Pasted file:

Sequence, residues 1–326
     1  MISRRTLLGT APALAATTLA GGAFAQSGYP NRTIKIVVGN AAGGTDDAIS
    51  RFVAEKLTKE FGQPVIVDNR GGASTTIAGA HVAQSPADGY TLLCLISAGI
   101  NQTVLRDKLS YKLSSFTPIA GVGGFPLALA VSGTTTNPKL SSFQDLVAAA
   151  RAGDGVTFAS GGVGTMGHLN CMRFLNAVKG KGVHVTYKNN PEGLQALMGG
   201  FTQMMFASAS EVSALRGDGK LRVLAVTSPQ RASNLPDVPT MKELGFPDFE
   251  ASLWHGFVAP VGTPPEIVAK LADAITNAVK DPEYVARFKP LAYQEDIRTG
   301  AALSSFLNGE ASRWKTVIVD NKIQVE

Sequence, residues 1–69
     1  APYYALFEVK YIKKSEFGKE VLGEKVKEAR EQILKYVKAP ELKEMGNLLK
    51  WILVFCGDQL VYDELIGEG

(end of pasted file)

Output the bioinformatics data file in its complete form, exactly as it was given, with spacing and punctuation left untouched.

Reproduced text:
Sequence, residues 1–326
     1  MISRRTLLGT APALAATTLA GGAFAQSGYP NRTIKIVVGN AAGGTDDAIS
    51  RFVAEKLTKE FGQPVIVDNR GGASTTIAGA HVAQSPADGY TLLCLISAGI
   101  NQTVLRDKLS YKLSSFTPIA GVGGFPLALA VSGTTTNPKL SSFQDLVAAA
   151  RAGDGVTFAS GGVGTMGHLN CMRFLNAVKG KGVHVTYKNN PEGLQALMGG
   201  FTQMMFASAS EVSALRGDGK LRVLAVTSPQ RASNLPDVPT MKELGFPDFE
   251  ASLWHGFVAP VGTPPEIVAK LADAITNAVK DPEYVARFKP LAYQEDIRTG
   301  AALSSFLNGE ASRWKTVIVD NKIQVE

Sequence, residues 1–69
     1  APYYALFEVK YIKKSEFGKE VLGEKVKEAR EQILKYVKAP ELKEMGNLLK
    51  WILVFCGDQL VYDELIGEG